Following the rise of e-commerce, shipping has become one of the most important parts of running a retail business.
An excellent shipping experience can create fiercely loyal customers. On the other hand, a bad experience could drive consumers away before they click “confirm order.”
The shipping process is far from perfect. It’s difficult to get a box from starting point to destination without hitting a few bumps along the way.
A great retailer impresses customers by solving shipping problems as they arise.
Here are a few of the most common shipping problems sellers encounter, as well as strategies for resolving them.
1. High Shipping Costs
Shipping can be surprisingly expensive, for both customers and retailers.
The cost of shipping a package may depend on many factors, including how much the package weighs, where it’s going and how fast it needs to get there. Sometimes, businesses aren’t sure how to handle high shipping costs.
One option is to let customers foot the bill.
By charging customers precisely what their order will cost to ship, you allow people to order your products without worrying about delivery cutting into profit margins.
Charging customers for shipping may backfire, however.
One survey found 63 percent of canceled orders result from excessive shipping costs. Charging a small, flat-rate shipping fee could help reduce costs without driving customers away. But offering reduced and free shipping could also boost business by increasing orders.
Communicate transparently with customers about shipping costs to avoid surprises at checkout. And try to keep shipping costs low by comparing shipping options with different carriers.
2. Unexpected International Fees
International shipping can be even more expensive than domestic shipping, since packages may have to travel farther.
International packages may also be subject to local duties and taxes. These facts often lead small retailers to avoid international shipping altogether.
You want to do business with as many people as possible. But you may not have the funds to cover international shipping alone.
Instead of shutting down the possibility of international sales entirely, consider leaving the choice up to the consumer.
Retailers should make sure their websites clearly outline their international shipping policies. Often, this means telling international customers they may need to pay extra shipping fees or local duties to get their orders.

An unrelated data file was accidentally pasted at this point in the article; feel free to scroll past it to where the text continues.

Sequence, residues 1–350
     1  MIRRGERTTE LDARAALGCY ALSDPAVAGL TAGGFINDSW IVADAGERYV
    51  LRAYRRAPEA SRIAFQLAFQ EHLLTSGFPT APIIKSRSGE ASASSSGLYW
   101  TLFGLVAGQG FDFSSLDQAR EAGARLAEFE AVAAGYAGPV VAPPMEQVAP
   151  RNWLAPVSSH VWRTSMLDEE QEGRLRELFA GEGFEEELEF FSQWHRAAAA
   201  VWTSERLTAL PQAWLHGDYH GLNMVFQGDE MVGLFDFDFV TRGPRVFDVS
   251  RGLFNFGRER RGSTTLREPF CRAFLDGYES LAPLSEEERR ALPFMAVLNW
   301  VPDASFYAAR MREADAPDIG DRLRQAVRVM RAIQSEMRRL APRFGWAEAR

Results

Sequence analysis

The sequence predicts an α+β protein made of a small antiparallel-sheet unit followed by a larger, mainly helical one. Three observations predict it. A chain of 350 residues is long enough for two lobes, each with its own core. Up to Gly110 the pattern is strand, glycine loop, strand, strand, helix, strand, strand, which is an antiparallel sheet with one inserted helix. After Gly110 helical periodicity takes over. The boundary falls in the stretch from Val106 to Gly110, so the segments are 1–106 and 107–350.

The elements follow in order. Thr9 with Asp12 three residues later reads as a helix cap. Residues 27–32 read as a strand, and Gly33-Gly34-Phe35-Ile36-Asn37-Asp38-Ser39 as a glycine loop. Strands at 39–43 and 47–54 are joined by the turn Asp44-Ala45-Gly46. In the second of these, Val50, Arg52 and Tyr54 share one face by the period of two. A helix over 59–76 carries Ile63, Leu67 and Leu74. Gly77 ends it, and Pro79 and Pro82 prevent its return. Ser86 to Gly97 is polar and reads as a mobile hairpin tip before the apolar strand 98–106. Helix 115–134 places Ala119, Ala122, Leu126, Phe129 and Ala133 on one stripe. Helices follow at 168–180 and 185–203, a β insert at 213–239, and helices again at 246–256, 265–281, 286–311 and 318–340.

Though international shipping may cost customers more, it allows you to grow your business outside your country.
3. Shipping Delays
Shipping delays frustrate customers and retailers. Once a package is in the mail, it’s primarily out of the seller’s hands.
Though delivery services may work hard to deliver packages on time, they sometimes come up short, especially during busy periods.
Services like UPS often struggle to deliver mail on time during the holiday season, due to high volume and an uptick in online retail orders. To keep customers happy during these periods, it’s a good idea to plan.
During the holidays, emphasize early ordering and help shoppers by highlighting estimated delivery dates. Aim to mail orders before drop-dead dates to ensure packages reach their destinations on time. These dates vary by carrier and year, so do some research first.
As a best practice, communicate with customers throughout the shipping process, and alert them if it looks like their order could get delayed.
4. Lost or Damaged Packages
For a retailer, a lost or damaged package is a worst-case scenario.
People who don’t receive their orders may feel disappointed and frustrated, so retailers need to handle this problem well or risk losing customers.
The best thing you can do if a product gets lost or damaged is to make the customer feel taken care of.
You can either give that customer a full refund or offer to send the product again. People may also appreciate an extra token of
Once you’ve resolved the problem, you can investigate what caused it.
Do you need to switch carriers? Was the packing inside the box insufficient?
Reevaluating your shipping methods can help prevent similar problems in the future.
5. Long-Distance Returns
Even if a product arrives completely intact, some customers may not feel satisfied. If a customer wants to exchange or return a product, it’s usually good business etiquette to pay for the shipping.
Ultimately, though, the decision remains up to every individual business.
Customers who understand returns are limited may be more careful when making purchases, which restricts how often you’ll need to resolve this problem.
The best way to tackle long-distance returns is to outline your policy in advance.
Ship with Confidence
Between high shipping costs and delayed delivery, a lot can go wrong during the shipping process. However, the more shipping problems you tackle, the easier problem-solving becomes.
Dealing with shipping difficulties is a part of excellent customer service. Retailers can impress customers by handling problems with grace. By planning and doing your research, you can ship merchandise with confidence.